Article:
Globalization and Invasive Alien Species: Trade, Pests, and Pathogens

Charles Perrings, Eli Fenichel, Ann Kinzig

Research output: Chapter in Book/Report/Conference proceedingChapter

18 Scopus citations


The risk posed by an introduced species depends on a number of factors, some of which are within the control of regulatory authorities and some of which are not. It is a product of the probability that imports will introduce new species and the expected damage done by those species. Among the risk factors taken as exogenous by the regulatory authorities are the invasiveness of the species itself (whether it is a generalist or a specialist, its plasticity, and so on), the bioclimatic similarity between the trading partners, the volume and composition of trade, and the vulnerability of the host (economic and ecological) system. The sanitary and phytosanitary (SPS) measures taken by the exporter may or may not be taken as exogenous. These together determine both the likelihood that a unit of trade will introduce species of different types and the expected damage if a particular species (or class of species) is introduced. This chapter focuses on the nature of the SPS response to the invasive species risks of international trade, and the effect this has on the dispersion of species. More particularly, it asks what determines current country-level decisions to mitigate the risks of species introductions or to adapt to the consequences of establishment and spread, and how these are reflected in the dispersion data.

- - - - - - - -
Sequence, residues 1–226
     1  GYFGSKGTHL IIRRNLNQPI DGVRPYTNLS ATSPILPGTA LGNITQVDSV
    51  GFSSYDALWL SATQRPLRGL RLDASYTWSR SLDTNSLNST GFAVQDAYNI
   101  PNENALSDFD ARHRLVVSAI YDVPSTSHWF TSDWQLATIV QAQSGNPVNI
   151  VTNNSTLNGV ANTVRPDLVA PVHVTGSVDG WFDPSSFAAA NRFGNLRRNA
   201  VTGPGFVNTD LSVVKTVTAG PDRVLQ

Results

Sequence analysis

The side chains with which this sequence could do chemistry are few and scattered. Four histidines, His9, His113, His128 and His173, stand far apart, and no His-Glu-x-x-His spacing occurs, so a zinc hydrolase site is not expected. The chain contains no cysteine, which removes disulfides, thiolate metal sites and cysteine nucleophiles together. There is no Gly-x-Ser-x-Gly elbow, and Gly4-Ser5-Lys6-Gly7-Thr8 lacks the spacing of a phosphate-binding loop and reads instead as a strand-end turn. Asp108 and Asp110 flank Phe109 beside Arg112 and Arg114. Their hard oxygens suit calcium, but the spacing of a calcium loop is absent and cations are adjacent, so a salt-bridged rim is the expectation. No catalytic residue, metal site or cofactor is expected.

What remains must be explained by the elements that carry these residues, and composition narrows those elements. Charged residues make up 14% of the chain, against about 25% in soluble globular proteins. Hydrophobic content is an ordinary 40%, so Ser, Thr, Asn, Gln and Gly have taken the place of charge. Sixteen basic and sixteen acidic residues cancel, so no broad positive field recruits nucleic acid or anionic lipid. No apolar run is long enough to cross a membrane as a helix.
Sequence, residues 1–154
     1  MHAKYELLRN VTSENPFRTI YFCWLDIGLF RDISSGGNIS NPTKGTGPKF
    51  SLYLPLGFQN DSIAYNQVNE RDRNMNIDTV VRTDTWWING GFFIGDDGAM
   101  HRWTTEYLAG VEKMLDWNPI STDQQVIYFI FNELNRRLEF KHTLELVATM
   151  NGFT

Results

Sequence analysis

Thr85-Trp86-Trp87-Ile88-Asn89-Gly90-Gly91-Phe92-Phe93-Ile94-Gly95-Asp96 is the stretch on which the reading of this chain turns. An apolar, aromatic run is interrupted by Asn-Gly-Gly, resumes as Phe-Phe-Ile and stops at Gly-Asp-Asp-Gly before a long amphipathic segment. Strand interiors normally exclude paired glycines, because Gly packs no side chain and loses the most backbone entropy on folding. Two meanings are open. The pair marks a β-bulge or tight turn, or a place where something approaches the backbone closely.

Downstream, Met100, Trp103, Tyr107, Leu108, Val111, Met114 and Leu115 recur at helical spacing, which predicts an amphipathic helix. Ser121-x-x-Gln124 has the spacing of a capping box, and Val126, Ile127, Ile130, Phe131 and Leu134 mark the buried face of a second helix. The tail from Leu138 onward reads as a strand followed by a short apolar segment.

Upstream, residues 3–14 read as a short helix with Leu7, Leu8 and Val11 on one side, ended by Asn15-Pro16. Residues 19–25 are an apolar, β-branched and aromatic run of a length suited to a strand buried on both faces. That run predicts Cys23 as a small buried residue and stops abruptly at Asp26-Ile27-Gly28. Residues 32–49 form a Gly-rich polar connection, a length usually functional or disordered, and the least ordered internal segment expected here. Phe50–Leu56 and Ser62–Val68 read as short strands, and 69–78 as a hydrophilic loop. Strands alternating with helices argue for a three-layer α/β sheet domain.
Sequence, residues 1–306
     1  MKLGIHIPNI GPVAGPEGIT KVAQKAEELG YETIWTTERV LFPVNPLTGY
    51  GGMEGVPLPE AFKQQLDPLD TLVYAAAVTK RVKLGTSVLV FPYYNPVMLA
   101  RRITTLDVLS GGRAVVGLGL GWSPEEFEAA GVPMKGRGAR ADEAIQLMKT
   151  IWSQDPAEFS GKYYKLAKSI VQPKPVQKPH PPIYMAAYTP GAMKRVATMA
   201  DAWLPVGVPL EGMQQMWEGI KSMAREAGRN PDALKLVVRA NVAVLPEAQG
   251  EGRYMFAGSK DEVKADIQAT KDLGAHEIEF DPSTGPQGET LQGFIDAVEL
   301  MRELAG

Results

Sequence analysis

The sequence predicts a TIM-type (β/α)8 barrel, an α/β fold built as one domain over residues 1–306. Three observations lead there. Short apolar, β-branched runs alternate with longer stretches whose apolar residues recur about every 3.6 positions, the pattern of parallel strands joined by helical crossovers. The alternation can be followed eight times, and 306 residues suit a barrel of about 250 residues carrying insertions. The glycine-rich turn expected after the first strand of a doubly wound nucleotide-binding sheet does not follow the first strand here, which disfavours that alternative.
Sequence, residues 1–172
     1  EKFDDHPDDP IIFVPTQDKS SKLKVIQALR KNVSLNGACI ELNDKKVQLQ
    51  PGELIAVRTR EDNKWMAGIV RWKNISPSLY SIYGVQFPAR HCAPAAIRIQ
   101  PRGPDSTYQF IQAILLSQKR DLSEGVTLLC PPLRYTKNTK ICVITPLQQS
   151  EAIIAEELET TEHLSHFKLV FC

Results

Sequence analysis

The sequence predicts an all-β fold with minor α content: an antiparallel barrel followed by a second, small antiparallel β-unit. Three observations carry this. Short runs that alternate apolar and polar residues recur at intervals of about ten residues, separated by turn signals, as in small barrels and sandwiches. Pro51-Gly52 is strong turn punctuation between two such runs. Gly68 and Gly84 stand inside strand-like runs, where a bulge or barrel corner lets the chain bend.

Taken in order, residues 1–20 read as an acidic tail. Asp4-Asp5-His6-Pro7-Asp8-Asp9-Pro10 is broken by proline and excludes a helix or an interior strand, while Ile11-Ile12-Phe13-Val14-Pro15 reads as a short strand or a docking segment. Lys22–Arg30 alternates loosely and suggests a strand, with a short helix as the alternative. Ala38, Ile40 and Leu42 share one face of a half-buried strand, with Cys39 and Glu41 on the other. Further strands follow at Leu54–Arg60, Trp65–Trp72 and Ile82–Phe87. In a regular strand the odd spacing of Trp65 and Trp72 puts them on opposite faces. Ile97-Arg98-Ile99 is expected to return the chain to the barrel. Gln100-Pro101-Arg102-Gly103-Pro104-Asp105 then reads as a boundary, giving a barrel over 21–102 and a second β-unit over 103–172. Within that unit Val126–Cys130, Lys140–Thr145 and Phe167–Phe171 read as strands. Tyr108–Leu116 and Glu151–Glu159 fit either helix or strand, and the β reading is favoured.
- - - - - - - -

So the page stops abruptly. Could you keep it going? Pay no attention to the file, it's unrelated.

Original languageEnglish (US)
Title of host publicationBioinvasions and Globalization
Subtitle of host publicationEcology, Economics, Management, and Policy
PublisherOxford University Press
ISBN (Electronic)9780191721557
ISBN (Print)9780199560158
StatePublished - May 1 2010


  • Biological invasions
  • Globalization
  • International trade
  • Introduced species
  • Invasive species
  • Species dispersal

ASJC Scopus subject areas

  • Agricultural and Biological Sciences(all)


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